The Glock 19 Gen5 trigger is usually the preferred trigger of Glock shooters at this point. The trigger has that same light take-up as the other two and then you’re going to hit more of a mushy wall. It’s not even really a wall — just a little bit of mushy creep before you go into a nice rolling break. Again, it has that short reset right at the beginning of that mushy wall. Overall, it’s a good trigger.
Walther PPQ Trigger
Now, the Walther PPQ trigger is a completely different animal than the Glocks’. You’re going to have some actually fairly heavy take-up when you first feel the gun, and that heavy take-up is so heavy that it’d be easy to pull through it and pull the trigger without realizing that you’ve completed the entire trigger pull. When you just do the take-up, you’re going to get to a wall. From that point, you’re going to have a slightly hard break. It’s very clean; there’s no creep in that trigger once you’ve gotten through your take-out. From there, it’s an extremely short reset right back at that wall.
It’s an extremely smooth and quick trigger, but is a little light for a lot of people’s taste. I think one thing you have to take into account is its take-up and that heavy take-up is what makes the trigger safe to carry. It’s also what would make it very easy to pull straight through the trigger without realizing you hit that wall, causing the shooter to jerk.
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Overall, the Walther PPQ trigger is excellent, but you’re going to have to get used to it and learn to shoot a little bit differently. It’s a very good trigger (if not one of the better ones) for a polymer striker-fired handgun. I do think the Canik TP9 trigger is a little better, but it’s also based on the Walther design of the P99. Between those two, I’m going to choose the Walther just because I like giving the original inventors a little bit of credit.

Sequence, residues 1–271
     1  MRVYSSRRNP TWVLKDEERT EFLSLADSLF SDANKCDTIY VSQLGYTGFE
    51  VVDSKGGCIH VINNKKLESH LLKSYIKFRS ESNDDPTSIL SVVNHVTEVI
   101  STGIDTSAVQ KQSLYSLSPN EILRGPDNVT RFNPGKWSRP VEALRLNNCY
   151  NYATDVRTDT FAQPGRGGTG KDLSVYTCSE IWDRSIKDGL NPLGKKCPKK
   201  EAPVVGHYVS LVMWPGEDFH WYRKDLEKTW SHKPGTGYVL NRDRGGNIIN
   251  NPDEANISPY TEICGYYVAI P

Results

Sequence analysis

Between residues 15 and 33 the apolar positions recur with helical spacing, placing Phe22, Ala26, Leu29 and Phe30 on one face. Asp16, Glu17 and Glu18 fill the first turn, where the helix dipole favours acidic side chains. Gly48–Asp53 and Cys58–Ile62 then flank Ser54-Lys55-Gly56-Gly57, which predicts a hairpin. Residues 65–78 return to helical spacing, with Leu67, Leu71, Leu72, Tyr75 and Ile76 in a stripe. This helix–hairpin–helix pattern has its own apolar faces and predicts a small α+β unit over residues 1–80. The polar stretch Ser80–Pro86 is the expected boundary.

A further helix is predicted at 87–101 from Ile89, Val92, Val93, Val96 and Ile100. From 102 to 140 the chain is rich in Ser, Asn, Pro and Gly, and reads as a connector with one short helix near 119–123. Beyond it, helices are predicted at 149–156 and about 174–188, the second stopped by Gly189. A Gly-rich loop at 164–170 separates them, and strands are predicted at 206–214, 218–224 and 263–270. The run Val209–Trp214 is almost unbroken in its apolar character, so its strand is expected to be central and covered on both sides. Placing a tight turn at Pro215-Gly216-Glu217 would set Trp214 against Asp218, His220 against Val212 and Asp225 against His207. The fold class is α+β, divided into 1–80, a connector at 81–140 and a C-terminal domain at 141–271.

Walther PPQ vs Glock 19 Slide Lock
The slide locks on the Walther PPQ are very large and take up quite a bit of space on the gun. If you grip the gun very high with your support hand and you have very large hands, this may be an issue and it may cause you to either prematurely lock back the slide or make the slide not lock back at all.
Glock, on the other hand, has fairly small slide locks that sit kind of far forward. If you have really small hands, you might have trouble reaching them. I don’t have any trouble reaching them, but others might. In this case, the Walther PPQ is going to work for a wider variety of people.
The Glock 19 Gen3 and Gen4 only has the slide stop on the left-hand side of the gun set up for a right-handed shooter, but the Gen5 gun is ambidextrous like the Walther PPQ. Overall, I much prefer the design on the Walther PPQ. I find it’s faster and easier to reach and manipulate to both lock back and drop the slide. The Glock 19 just doesn’t do as well as the Walther PPQ in this category.
There are two magazine release options for the Walther PPQ: you have the original Walther PPQ with a paddle-style release and the PPQ M2 with a button-style release. In my opinion, the paddle-style release is not as refined as the HK VP9- or P30-style paddle release, and just for that, it kind of falls short.
The Walther PPQ button release, however, is far superior to what the Glock offers. The Glock magazine release is definitely usable and works fine, but if you want a super-slick and fast release, you’re going to want to go with a Walther PPQ M2.
Magazine Well Walther PPQ vs Glock 19
The Walther PPQ has a slight bevel on the magazine well that will slightly help you in reloading the gun, but not much. That’s similar to the bevel on the well of the Glock Gen3 and Gen4 guns. Now the Gen5 Glock 19s have a massive bevel around the mag well that works really well when you’re trying to quickly insert a magazine.
If you’re shooting competition like USPSA’s production division, then this area is a big deal as reloads are very important and you can’t add an aftermarket magazine well to the gun in use. Outside of special circumstances like that, I don’t know how important it is for your average shooter.
Quality: Buyer’s Preference
The quality of these two guns is fairly similar, in my opinion. When you feel certain parts of the Walther PPQ frame, I actually think it’s cheaper, but then I feel the frame texturing and I find it to be of a higher quality than the Glock. The Glock’s consistent matte finish over the entire gun seems to work really well as far as making it appear to be decent quality. Because of those disparities, I’m going to give these guns a draw.